Socio-technical factors influencing current trends in material throughput in the UK automotive industry

Simone Cooper, Brendan J. Doody, Julian M. Allwood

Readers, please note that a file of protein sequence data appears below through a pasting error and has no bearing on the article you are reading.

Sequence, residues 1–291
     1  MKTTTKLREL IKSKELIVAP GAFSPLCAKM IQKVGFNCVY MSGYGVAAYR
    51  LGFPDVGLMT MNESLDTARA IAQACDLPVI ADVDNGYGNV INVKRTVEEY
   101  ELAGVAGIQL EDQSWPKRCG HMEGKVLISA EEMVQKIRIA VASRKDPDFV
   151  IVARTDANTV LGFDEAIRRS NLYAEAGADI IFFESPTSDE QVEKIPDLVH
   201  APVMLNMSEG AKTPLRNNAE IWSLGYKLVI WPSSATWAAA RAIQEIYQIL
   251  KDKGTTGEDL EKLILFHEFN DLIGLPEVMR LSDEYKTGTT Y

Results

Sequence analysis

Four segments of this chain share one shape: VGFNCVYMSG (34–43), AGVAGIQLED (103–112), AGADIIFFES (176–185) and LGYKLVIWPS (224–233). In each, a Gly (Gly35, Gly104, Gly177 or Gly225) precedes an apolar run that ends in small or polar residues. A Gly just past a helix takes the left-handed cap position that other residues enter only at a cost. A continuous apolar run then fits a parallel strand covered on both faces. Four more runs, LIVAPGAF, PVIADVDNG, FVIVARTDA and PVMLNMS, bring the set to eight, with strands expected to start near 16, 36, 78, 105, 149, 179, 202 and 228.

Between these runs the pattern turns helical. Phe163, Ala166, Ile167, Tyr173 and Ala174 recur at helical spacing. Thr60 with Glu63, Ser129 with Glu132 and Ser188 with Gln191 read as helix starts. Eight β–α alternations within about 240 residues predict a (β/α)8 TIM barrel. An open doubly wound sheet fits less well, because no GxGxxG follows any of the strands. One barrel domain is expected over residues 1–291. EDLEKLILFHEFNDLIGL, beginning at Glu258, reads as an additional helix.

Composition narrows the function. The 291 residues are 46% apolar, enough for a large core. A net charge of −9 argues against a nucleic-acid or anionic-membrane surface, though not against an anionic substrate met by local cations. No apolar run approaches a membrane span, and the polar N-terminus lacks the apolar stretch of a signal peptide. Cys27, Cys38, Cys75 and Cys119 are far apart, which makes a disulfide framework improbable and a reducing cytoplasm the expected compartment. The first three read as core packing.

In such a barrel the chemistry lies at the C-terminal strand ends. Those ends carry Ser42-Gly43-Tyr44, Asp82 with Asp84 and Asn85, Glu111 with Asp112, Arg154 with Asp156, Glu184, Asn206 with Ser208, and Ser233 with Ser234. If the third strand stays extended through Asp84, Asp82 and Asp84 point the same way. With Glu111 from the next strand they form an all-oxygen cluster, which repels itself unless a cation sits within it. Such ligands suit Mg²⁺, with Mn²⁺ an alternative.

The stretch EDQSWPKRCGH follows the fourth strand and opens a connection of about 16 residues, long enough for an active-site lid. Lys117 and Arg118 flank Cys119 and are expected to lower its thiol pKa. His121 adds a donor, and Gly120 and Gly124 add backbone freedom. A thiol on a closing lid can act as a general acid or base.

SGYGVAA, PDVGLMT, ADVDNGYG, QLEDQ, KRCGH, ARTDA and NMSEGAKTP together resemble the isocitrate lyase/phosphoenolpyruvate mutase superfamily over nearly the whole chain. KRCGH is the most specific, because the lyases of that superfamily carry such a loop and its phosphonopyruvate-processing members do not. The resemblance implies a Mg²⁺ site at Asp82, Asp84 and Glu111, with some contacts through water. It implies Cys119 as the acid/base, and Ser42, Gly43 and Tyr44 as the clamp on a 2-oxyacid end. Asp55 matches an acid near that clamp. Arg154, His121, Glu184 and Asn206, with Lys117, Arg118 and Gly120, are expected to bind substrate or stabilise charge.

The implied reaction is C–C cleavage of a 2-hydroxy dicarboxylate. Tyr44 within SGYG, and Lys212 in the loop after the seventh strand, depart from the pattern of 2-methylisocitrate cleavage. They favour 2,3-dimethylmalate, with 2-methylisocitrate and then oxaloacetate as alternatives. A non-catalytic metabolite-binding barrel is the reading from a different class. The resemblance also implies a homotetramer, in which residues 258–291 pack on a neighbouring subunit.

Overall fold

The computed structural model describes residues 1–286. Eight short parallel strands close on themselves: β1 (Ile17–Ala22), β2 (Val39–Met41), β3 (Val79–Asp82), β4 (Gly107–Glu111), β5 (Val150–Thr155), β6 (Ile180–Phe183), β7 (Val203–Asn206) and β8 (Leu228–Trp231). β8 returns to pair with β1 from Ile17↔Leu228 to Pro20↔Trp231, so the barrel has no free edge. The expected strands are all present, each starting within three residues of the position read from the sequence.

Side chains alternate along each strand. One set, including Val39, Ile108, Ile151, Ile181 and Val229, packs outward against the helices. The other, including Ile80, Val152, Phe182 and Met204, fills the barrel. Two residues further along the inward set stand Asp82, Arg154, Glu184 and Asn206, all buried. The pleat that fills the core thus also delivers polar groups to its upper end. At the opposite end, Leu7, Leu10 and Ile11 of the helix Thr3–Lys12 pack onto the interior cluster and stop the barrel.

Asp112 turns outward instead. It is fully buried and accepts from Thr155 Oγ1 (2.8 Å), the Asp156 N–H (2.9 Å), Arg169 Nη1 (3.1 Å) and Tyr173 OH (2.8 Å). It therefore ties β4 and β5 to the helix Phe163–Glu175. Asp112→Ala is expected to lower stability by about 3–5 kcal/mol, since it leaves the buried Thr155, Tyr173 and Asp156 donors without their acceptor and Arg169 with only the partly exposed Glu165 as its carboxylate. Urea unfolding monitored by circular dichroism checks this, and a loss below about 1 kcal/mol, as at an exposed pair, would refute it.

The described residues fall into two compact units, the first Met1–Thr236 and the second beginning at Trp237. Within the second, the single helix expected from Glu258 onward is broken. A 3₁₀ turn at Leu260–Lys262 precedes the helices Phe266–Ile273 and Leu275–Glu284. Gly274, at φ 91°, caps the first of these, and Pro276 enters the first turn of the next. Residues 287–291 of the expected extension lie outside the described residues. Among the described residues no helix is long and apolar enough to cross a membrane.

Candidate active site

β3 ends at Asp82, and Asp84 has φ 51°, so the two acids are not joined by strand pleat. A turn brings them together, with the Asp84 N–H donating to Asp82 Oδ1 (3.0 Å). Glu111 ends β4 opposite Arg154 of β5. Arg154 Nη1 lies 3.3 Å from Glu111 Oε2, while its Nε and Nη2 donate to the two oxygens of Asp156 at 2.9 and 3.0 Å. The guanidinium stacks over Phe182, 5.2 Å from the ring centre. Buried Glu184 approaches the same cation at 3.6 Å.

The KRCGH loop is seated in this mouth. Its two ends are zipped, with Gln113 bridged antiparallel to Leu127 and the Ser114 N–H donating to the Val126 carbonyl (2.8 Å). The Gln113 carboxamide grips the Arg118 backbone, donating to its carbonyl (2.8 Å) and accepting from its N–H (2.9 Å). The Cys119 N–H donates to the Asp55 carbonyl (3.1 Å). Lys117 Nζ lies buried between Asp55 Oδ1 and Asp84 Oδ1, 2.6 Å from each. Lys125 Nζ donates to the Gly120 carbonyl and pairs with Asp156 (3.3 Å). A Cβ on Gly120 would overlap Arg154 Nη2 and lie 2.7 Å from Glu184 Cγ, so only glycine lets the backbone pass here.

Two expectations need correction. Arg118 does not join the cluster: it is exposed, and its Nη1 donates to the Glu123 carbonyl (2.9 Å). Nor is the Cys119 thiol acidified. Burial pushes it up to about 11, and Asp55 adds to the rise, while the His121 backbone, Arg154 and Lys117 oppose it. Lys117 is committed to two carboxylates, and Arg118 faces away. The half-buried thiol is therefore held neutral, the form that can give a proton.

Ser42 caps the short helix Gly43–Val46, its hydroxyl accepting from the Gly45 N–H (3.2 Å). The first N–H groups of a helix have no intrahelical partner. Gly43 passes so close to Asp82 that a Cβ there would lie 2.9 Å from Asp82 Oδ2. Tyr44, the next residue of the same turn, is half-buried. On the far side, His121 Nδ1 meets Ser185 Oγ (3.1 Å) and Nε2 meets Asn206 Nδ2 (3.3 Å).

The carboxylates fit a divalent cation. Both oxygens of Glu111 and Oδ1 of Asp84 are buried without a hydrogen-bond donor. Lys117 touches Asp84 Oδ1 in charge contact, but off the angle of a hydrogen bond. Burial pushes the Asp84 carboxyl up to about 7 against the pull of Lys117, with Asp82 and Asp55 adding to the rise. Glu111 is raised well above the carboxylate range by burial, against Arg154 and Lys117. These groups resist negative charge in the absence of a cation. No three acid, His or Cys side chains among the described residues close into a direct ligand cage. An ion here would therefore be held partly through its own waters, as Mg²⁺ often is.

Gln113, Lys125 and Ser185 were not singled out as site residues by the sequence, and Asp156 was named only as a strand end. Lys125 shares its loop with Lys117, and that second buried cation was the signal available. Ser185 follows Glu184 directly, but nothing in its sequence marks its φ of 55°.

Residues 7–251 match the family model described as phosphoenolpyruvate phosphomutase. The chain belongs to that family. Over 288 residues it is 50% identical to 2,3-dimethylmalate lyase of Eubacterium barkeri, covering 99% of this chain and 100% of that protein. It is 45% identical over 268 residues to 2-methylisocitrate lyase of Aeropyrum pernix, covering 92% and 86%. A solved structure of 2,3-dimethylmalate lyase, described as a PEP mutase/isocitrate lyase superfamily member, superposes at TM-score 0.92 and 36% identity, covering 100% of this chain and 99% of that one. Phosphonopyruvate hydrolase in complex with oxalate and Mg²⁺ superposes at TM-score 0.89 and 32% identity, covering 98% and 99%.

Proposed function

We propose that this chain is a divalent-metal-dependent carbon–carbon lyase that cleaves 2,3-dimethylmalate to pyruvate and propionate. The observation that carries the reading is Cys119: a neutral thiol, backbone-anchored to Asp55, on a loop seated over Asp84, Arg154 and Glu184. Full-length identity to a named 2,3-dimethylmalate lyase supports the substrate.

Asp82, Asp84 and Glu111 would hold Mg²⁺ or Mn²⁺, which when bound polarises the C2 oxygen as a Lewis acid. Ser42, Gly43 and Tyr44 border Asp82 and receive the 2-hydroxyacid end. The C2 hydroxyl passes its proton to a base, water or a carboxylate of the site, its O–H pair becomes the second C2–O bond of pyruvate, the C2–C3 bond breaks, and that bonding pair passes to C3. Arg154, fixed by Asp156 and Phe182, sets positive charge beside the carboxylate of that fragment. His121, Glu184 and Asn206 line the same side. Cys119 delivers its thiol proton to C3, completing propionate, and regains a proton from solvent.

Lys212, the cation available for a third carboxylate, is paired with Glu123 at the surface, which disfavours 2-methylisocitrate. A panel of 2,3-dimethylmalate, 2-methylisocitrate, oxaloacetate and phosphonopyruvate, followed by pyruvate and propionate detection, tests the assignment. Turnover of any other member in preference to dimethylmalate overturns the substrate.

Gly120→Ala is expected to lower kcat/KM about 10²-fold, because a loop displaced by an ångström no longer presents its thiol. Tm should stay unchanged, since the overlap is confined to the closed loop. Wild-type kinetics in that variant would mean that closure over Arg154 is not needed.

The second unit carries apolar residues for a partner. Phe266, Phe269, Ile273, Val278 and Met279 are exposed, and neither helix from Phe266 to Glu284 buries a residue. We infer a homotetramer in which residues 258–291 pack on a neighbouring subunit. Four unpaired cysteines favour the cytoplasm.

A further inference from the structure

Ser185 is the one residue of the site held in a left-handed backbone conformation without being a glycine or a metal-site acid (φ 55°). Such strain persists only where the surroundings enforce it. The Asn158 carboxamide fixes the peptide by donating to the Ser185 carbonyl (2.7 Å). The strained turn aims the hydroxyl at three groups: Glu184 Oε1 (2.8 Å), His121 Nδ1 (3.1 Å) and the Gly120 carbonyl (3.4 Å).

This paper investigates why material throughput remains high in the UK automotive industry when there are opportunities for material efficiency improvements. Informed by socio-technical studies of automobility, the paper emphasises the importance of recognising how decisions regarding material use are always shaped by more than simply cost considerations. Drawing on industry interviews, six interconnected socio-technical factors are identified that guide the vehicle design and manufacturing process. These are: (1) customer preferences; (2) market positioning; (3) techno-economic feasibility; (4) supply chain feasibility; (5) regulation and (6) organisational attributes. These factors can provide insights into the current operating context of the UK automotive industry and help explain why the average material intensity of vehicles and vehicle throughput are increasing. Overall, the paper shows that the efficiency of material use in the UK automotive industry is the outcome of complex and advanced design and manufacturing processes. Understanding these processes and the factors that guide them can potentially increase the likelihood of the automotive industry adopting material efficiency initiatives.